More work needs to be done, particularly in the workplace, to celebrate the valuable contribution the people aged 65 and over are making in New Zealand communities, according to a recently released study.
The Office for Seniors last week released the results of their “Attitudes to Ageing” research showing that while New Zealanders have high levels of respect for seniors and acknowledge the value of their contribution to society, there is room for improvement.
Close to a third of respondents of all ages have been shown a lack of respect due to their age at least occasionally (31 percent), while 11 percent say they have been treated badly due to their age at least occasionally.
When asked to indicate where they experience this treatment, the highest proportion of respondents who have experienced this say it was in their workplace.
Equal Employment Opportunities Commissioner Dr Jackie Blue says it is vital those aged 65 and over are recognised for their contribution in the workplace, particularly as New Zealand has one of the highest older work rates in the OECD.
“New Zealand needs to celebrate seniors and the vital contribution they make in the workforce and to the wider community. At 20 percent, our older work rate is one of the highest in the OECD and in 20 years’ time one in four people in New Zealand will be aged 65 and over.
“We can’t afford to ignore older workers and their skills, as they are vital to our success. Society, and in particular the business sector, needs to plan for New Zealanders living longer and an ageing population and workforce.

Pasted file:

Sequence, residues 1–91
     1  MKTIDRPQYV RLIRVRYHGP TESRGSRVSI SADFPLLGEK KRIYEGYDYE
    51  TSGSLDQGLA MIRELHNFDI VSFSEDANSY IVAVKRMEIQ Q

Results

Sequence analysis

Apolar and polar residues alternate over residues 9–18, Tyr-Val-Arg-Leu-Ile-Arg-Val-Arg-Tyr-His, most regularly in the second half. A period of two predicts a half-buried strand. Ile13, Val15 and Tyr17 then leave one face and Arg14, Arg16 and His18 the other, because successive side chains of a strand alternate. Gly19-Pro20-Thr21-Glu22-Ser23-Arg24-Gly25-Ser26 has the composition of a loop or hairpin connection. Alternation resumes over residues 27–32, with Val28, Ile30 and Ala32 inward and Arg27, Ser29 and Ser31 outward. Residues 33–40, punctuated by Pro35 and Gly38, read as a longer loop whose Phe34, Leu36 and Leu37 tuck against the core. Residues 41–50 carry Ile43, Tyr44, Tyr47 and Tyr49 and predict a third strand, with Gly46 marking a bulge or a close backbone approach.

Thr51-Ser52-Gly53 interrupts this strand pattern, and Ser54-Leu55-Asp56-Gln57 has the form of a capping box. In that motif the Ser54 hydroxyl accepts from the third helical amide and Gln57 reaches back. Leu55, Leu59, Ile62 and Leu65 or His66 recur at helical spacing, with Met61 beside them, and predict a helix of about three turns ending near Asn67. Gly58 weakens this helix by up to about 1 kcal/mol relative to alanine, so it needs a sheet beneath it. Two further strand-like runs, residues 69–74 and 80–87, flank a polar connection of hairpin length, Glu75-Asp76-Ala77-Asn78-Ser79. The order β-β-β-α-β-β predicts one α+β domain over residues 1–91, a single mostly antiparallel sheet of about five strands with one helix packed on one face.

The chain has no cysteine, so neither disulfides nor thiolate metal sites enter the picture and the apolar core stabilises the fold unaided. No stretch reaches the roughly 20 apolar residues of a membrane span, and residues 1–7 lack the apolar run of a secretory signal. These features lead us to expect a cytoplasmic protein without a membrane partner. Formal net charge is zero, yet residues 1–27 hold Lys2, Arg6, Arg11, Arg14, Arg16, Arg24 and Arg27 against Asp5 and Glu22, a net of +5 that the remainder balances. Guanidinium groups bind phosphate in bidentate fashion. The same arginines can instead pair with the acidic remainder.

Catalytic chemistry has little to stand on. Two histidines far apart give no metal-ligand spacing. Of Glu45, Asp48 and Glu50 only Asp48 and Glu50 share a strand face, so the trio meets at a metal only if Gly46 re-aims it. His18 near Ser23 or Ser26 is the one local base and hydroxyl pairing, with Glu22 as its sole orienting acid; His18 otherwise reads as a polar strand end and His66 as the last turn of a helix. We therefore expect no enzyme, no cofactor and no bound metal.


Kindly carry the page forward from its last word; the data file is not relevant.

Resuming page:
“Employers need to develop a culture that values age and experience. They can lead by example, hire older workers and provide more flexible work arrangements,” Dr Blue says.
Other key findings included:
- A number of older people in the study also reported feeling lonely, socially isolated and/or invisible.
- 26 % of people aged 75 and over have experienced discrimination and poor treatment as a result of their age in the last 12 months.
- 62 percent of people interviewed in the survey did not feel confident New Zealand will be able to cope with the increase of its ageing population.
“All New Zealanders need to look at how our older people are supported and valued and ensure that planning takes place for the increase in our ageing population,” Dr Blue says.
“This will mean examining attitudes, access to healthcare, financial support, housing affordability and ways to integrate older people into communities so that they do not feel so isolated and are valued for their important contribution to our society.”